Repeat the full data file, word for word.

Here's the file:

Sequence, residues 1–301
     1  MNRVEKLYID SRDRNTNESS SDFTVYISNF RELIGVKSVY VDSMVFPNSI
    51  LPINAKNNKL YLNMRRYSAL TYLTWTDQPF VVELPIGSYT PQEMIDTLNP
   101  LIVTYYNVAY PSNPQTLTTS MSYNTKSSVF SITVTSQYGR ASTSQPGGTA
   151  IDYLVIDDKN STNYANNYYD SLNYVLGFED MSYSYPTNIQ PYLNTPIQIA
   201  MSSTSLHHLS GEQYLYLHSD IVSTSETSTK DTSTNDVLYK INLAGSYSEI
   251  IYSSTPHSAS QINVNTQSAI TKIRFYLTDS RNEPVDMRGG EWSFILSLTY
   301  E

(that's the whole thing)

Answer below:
Sequence, residues 1–301
     1  MNRVEKLYID SRDRNTNESS SDFTVYISNF RELIGVKSVY VDSMVFPNSI
    51  LPINAKNNKL YLNMRRYSAL TYLTWTDQPF VVELPIGSYT PQEMIDTLNP
   101  LIVTYYNVAY PSNPQTLTTS MSYNTKSSVF SITVTSQYGR ASTSQPGGTA
   151  IDYLVIDDKN STNYANNYYD SLNYVLGFED MSYSYPTNIQ PYLNTPIQIA
   201  MSSTSLHHLS GEQYLYLHSD IVSTSETSTK DTSTNDVLYK INLAGSYSEI
   251  IYSSTPHSAS QINVNTQSAI TKIRFYLTDS RNEPVDMRGG EWSFILSLTY
   301  E